With the end of the GDR and the establishment of national unity in Germany, there was also a fundamental change v. a. in the East German, but also in the West German literary scene.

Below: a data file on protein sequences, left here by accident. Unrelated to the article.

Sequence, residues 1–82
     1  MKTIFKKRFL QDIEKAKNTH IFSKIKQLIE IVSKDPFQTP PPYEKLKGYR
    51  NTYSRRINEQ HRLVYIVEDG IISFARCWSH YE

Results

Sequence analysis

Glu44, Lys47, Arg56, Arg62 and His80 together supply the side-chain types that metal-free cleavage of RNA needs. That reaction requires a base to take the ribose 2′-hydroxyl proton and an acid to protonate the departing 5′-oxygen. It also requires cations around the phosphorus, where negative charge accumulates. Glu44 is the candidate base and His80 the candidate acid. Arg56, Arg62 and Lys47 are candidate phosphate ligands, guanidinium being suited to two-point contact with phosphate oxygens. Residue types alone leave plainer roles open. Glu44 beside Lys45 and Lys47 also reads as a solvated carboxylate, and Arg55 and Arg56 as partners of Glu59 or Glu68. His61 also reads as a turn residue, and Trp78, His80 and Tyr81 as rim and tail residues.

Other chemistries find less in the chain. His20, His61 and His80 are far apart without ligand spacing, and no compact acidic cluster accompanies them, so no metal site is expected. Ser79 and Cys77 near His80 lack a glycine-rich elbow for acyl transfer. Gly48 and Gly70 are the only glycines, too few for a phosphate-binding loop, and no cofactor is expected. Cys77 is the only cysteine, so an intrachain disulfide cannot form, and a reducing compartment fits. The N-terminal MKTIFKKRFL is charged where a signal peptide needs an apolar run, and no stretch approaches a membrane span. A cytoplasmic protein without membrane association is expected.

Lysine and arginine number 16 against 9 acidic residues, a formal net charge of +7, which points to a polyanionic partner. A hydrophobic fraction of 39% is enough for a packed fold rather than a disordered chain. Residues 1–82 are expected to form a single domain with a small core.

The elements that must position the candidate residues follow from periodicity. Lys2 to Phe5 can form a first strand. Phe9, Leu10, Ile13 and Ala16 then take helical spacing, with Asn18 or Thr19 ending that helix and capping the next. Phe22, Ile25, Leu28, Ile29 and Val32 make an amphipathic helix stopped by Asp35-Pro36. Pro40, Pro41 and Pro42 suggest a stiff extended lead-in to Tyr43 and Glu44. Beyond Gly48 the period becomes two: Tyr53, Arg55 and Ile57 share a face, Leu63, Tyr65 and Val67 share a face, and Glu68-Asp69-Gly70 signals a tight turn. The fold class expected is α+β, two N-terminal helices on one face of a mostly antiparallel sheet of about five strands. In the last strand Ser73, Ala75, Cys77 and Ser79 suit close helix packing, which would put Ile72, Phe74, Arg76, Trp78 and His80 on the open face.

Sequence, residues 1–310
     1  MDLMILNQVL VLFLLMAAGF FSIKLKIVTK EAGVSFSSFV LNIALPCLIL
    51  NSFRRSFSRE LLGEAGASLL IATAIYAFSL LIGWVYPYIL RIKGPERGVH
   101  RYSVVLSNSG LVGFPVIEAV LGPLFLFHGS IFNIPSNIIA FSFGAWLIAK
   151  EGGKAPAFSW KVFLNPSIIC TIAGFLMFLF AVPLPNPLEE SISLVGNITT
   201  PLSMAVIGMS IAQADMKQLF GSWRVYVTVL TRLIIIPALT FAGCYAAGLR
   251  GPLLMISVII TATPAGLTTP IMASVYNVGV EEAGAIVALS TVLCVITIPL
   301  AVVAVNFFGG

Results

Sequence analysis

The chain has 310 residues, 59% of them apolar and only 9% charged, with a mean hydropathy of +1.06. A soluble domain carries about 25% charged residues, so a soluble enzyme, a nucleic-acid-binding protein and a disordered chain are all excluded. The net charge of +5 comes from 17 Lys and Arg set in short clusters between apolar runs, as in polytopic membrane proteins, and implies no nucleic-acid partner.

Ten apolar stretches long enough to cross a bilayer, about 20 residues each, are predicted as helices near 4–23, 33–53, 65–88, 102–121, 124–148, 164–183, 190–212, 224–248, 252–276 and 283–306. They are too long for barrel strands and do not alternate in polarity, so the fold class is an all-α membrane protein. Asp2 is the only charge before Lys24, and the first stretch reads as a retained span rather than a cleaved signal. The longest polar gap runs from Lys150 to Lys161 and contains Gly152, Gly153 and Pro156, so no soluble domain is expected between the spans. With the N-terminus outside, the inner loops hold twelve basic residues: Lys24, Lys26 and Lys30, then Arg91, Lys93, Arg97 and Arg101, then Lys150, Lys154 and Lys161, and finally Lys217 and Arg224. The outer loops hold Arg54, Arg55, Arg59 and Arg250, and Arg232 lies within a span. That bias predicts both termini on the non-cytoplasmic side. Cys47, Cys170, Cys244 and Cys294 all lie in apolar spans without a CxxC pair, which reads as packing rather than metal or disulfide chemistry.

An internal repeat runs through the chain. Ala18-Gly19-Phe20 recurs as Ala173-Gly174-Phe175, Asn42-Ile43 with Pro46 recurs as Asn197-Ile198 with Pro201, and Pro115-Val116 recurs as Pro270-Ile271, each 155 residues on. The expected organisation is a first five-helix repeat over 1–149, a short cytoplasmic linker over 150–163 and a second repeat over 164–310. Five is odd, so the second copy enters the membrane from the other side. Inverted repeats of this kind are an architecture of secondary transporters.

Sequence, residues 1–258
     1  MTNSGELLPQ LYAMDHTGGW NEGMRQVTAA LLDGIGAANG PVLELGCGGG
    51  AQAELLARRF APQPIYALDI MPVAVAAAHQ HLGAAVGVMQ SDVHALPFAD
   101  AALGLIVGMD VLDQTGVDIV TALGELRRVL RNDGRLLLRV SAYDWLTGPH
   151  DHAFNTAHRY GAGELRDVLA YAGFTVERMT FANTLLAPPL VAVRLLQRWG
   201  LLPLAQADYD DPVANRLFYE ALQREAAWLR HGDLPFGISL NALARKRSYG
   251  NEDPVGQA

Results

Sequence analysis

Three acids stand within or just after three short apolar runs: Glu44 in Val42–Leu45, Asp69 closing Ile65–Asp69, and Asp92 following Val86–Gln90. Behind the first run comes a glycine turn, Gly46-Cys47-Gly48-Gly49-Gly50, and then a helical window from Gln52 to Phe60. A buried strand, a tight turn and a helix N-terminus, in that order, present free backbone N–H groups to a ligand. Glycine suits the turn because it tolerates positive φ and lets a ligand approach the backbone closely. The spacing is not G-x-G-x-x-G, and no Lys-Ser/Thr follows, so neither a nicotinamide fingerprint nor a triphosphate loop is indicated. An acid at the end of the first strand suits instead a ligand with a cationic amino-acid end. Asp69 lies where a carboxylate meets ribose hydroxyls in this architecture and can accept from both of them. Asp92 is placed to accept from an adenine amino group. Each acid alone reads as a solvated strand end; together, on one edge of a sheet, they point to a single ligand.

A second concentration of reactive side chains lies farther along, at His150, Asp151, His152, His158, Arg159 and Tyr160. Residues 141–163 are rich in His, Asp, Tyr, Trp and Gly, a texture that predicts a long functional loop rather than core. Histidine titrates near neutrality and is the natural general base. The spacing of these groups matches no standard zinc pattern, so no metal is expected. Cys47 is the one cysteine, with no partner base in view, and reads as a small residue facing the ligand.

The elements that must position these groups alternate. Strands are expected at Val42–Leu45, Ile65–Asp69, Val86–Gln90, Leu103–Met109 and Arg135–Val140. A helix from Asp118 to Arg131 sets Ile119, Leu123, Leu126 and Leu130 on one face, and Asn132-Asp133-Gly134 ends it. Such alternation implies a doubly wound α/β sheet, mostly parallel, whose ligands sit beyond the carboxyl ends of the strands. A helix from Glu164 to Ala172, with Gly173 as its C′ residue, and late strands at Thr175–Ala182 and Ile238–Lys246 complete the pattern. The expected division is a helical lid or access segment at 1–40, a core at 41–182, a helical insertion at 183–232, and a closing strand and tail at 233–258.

The sometimes very emotional debate about the role of the writer in real socialist society, burdened in some cases by allegations of cooperation with the state security, was almost always about the person, hardly about the work of an author. The important authors who remained in the country (especially Christa Wolf, Braun, Müller, Hein) came under pressure to justify themselves. But also the older West German literature, such as that by Andersch, Grass, S. Lenz, Jens, Enzensberger,Walser, Rühmkorf i.a. represented, was confronted with new problems. For decades she had the merit (among others in group 47) of having dealt critically with German history and keeping alive the spirit of nonconformism. This led to a dominant political-moral determination of the function of literature. Although this was questioned soon after 1968, it could not be replaced by anything because of the global political developments of the 1970s and 1980s. Only with the upheaval in 1989/90 did it come to nothing. This ended the era of German post-war literature.